A couple of recent reader’s queries has sparked the question as to whether electric vehicles will have the economic lifespan that internal combustion engine (ICE) cars have had in the past.
The average age of the Australian car fleet is 10.1 years (current Australian Bureau of Statistics data) – but we all know of cars that are well over that age still going strong as ‘daily drivers’.
For instance, in my preparation for buying a long-range EV soon: I am about to hand-over my 24 year old ICE Renault to a new owner who is going to do it up and put it on ‘Historic’ registration in 12 months time.
It is, however, still going extraordinarily well. (And reliably so with my doing a Melbourne/Brisbane return trip to the … ahem … EV Expo & Conference in it only a few months ago).
The mechanicals of a battery electric vehicle (BEV) are certainly capable of that sort of life – and well beyond given BEVs have a much reduced number of moving parts and items needing regular oil or component changes as compared to ICE vehicles.
It is the battery that is the potential weak link. Most manufacturer guarantees for the battery pack are for something around 8 years/160,000 km to still have 70% of their original capacity.
(By the way, after that the battery packs are not ‘dead’. At that stage of their life, they’re just not up to the rigours of continuous highway speed use or do the original range. But they are still perfectly good for energy storage applications for another 8 – 10 years before finally being recycled).
Some of the early mass-market EVs are now reaching that age – the Nissan Leaf (introduced in 2011) and the Mitsubishi iMiEV (introduced late 2010) being the main examples.
Mind-you, my now 8 year old 2011 Nissan Leaf still gives me a reliable 100km driving range. (Which is only about 30km down from its original real-world range).
So the question therefore arises: is it worth replacing the batteries when the battery packs do reach the end of their EV life? In the US and Japan – for a Leaf the answer is a definite ‘yes’. US dealers offer a US$6,200 (AU$8,750) replacement pack program for the early 24kWh batteries.
(That price covers fitting and they keep the old pack).
In Japan, you can buy a guaranteed, refurbished second-hand pack on an exchange basis from the recently opened Naime (in north-western Japan) lithium battery recycling centre.
(The Naime plant is operated by the 4R Energy Corporation, a joint venture between Nissan and Sumitomo Corporation). A pack from there pack costs US$2,850. (AU$4,000).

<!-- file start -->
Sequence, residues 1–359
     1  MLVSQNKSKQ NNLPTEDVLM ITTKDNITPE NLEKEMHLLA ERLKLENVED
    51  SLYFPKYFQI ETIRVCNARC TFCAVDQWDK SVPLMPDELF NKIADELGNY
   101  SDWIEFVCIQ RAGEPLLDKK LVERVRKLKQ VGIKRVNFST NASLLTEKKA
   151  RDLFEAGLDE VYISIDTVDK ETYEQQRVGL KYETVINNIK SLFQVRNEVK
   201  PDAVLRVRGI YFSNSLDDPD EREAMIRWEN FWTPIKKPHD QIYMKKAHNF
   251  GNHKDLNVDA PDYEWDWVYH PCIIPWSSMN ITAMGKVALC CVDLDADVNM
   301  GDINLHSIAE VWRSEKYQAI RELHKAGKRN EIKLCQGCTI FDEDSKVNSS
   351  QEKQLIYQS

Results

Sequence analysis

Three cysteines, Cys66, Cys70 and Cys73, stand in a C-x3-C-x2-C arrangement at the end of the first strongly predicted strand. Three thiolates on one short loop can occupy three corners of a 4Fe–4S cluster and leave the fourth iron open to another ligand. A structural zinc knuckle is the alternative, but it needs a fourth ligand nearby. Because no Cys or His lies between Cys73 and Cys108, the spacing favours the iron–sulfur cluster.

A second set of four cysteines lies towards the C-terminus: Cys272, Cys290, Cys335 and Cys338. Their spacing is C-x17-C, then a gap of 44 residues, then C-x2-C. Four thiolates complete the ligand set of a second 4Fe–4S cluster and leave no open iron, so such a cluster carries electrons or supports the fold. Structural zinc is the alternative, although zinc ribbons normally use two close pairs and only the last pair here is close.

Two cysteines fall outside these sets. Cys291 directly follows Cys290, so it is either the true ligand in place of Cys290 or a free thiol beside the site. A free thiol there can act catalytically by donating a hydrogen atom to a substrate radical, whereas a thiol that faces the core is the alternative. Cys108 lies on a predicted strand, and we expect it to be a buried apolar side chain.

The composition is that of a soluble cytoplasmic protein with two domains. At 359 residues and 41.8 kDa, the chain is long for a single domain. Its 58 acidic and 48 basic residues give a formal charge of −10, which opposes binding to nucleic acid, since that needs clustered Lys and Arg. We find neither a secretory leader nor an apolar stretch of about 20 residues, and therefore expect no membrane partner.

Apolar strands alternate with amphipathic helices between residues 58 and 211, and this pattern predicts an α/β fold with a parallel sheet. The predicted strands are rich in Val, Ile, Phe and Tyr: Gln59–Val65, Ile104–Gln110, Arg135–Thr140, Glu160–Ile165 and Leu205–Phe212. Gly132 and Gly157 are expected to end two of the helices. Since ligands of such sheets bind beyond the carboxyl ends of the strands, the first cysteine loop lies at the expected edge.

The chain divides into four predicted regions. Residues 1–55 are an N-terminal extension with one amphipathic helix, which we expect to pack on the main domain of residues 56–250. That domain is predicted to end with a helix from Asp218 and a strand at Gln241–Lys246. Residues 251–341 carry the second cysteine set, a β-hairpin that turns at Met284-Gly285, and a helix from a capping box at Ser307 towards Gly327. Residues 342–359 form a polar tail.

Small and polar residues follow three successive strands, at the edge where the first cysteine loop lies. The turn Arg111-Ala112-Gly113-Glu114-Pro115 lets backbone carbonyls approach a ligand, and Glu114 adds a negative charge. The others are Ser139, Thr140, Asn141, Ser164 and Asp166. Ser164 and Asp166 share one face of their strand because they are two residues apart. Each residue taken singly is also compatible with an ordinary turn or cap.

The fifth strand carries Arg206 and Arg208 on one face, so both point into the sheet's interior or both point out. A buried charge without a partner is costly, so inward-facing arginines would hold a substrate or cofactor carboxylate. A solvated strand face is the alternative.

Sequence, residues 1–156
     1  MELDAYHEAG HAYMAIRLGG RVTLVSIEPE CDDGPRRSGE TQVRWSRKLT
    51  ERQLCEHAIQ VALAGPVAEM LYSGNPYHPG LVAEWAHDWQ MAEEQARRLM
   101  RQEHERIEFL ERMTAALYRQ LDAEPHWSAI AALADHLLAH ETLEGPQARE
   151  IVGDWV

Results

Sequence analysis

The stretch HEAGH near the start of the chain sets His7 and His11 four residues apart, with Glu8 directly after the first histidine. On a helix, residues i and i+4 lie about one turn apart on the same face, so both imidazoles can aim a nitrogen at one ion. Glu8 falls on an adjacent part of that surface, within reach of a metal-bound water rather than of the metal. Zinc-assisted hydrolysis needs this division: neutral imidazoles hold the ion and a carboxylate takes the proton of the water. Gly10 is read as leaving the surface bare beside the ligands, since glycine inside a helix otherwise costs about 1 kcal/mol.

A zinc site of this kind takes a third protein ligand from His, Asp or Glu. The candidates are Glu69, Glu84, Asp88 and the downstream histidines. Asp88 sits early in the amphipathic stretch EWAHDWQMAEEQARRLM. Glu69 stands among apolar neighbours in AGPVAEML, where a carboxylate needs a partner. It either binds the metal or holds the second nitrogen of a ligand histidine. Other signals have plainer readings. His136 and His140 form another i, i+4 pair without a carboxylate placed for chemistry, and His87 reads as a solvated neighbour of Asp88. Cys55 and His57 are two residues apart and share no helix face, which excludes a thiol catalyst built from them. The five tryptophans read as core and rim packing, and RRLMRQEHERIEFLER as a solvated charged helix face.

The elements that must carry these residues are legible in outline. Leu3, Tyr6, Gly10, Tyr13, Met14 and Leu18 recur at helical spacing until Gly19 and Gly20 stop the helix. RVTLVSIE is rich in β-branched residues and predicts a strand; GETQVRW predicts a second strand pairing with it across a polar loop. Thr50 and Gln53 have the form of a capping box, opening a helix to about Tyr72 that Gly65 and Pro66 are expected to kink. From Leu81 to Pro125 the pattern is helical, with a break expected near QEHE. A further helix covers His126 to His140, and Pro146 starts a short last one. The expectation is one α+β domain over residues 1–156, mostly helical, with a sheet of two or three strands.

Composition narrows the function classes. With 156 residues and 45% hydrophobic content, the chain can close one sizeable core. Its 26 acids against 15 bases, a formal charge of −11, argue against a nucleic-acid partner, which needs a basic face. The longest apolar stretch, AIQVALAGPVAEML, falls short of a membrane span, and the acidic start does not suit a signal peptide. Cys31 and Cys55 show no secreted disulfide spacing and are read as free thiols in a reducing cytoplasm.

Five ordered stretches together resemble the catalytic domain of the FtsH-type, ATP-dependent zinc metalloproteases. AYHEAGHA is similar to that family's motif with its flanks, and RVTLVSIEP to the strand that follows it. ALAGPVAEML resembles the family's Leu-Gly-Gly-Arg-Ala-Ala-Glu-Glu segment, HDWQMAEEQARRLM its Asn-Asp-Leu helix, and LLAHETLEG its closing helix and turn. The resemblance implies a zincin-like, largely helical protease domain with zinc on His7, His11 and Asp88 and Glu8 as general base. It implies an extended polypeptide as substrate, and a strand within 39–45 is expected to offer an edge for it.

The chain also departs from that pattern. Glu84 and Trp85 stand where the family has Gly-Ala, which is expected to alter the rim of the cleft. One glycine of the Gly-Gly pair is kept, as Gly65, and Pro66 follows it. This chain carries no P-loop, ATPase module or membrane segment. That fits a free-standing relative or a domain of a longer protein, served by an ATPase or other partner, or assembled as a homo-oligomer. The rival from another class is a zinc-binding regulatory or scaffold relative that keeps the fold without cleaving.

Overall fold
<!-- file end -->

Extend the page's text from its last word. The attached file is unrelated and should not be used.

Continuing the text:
In Australia – anecdotal reports are that dealers are inflating replacement pack prices well beyond these numbers – which is not a good look.
If manufacturers price the packs well beyond their cost of production to ‘encourage’ people to buy one of the new crop of EVs coming into Australia instead of maintain their old one – then the whole EV industry will suffer a set-back.
It would also cause potential buyers to seriously reconsider an EV purchase that would effectively become worthless after 8 years. That could create quite a backlash as these lost EV buyers hold-off on EV purchases till the issue is resolved.
The knock-on effect would be a slowing down in our move to cleaner, less carbon emitting transport and a further delay in Australia’s currently woeful action on climate change.
(By the way: Given the costs of new or refurbished battery packs can only decrease as new battery production comes online – and the stock of old battery packs becomes larger – those pack replacement prices should only come down, not go up!)
Let us hope that Australian dealers of the older, first generation, EVs do not go down that route – it does not benefit our environment to throw away cars in otherwise excellent condition that just need a replacement part – nor does it help their own reputations as good corporate citizens.
Bryce Gaton is an expert on electric vehicles and contributor for The Driven and Renew Economy. He has been working in the EV sector since 2008 and is currently working as EV electrical safety trainer/supervisor for the University of Melbourne. He also provides support for the EV Transition to business, government and the public through his EV Transition consultancy EVchoice.